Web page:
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Black Women in the Ivory Tower, 1850–1954An Intellectual History$
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Stephanie Y. Evans

Print publication date: 2008

Print ISBN-13: 9780813032689

Published to Florida Scholarship Online: September 2011

DOI: 10.5744/florida/9780813032689.001.0001

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“That Which Relieves Their Hunger”

(p.160) 8 Teaching
Black Women in the Ivory Tower, 1850–1954

Stephanie Y. Evans

University Press of Florida

This chapter discusses the increasing demand for teachers between the Civil War and World War I, when the majority of people hungered for knowledge and education. In this period, most of the American colleges and universities were modified to become teacher-training institutions to address the unprecedented hunger for knowledge. African American colleges during this period were no exception at all as they too followed the growing trend of redefining academies into teacher-training institutions. This chapter discusses the plight of black women in their teaching careers. Although capable, most black women were not given prime teaching positions, were often asked to teach more students for a lesser salary and were subjects of internal and external inferiority. Particular attention is directed to the pedagogies of Cooper and Bethune, which had a great impact on teaching.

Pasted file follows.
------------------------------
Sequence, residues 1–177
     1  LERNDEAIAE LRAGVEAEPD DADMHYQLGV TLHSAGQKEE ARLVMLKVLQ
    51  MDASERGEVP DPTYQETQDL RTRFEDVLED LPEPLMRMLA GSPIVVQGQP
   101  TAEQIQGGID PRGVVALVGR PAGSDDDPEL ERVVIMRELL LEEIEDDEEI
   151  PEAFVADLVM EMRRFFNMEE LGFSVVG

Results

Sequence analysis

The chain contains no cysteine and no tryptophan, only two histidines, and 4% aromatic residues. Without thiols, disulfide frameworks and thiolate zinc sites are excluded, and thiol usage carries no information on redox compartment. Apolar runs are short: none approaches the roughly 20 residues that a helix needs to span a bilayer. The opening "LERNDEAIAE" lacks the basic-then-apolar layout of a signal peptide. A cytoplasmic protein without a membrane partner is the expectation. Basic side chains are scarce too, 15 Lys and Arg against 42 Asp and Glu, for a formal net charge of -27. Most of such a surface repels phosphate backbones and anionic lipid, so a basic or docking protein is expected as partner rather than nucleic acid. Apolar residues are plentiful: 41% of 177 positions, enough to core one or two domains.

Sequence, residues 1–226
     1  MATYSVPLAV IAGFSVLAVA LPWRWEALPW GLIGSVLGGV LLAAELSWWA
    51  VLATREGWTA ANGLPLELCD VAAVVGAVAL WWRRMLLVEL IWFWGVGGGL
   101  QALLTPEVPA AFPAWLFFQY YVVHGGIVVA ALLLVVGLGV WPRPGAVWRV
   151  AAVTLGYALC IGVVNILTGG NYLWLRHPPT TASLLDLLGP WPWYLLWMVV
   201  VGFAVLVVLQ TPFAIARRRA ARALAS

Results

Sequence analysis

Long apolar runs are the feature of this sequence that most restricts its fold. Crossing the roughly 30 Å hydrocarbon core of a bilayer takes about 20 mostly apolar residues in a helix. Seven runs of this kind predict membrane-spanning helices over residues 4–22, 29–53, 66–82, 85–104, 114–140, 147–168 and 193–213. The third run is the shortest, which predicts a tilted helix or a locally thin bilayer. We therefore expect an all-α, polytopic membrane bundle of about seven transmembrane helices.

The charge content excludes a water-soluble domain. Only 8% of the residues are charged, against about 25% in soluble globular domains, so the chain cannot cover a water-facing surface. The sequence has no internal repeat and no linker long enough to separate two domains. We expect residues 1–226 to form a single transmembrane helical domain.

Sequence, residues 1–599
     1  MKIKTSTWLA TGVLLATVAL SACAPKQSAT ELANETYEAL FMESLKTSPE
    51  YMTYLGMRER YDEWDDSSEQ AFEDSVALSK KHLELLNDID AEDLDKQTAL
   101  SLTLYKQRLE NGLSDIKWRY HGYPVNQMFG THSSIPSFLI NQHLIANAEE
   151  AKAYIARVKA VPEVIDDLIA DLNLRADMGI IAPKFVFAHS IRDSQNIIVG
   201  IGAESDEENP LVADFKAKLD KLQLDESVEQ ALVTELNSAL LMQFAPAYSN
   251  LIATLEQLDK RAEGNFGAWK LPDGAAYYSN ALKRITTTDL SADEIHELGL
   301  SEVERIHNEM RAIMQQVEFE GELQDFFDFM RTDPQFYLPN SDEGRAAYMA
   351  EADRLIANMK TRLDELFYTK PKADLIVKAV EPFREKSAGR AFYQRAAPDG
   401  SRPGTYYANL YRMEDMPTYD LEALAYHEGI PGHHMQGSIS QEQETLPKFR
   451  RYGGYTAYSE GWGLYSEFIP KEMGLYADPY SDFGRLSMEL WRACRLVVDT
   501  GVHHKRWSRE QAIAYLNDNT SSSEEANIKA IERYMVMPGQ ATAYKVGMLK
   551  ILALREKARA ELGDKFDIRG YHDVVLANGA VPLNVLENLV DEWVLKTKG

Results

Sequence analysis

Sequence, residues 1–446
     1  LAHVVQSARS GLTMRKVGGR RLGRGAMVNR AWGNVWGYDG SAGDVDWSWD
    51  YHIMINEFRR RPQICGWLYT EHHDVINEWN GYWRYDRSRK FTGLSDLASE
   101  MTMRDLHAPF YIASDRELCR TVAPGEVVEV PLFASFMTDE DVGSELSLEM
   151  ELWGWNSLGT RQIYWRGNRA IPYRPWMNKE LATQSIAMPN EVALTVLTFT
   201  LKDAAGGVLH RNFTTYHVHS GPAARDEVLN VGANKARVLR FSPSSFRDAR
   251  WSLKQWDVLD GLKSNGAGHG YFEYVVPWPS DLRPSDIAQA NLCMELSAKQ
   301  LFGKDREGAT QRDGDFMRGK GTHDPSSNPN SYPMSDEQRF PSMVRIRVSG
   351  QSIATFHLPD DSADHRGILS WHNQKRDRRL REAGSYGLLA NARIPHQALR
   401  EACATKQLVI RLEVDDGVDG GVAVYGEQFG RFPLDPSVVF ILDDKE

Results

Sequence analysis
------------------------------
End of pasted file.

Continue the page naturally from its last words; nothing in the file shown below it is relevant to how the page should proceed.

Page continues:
Keywords:   teachers, knowledge, education, teacher-training institutions, African American colleges, black women, teaching, teaching positions

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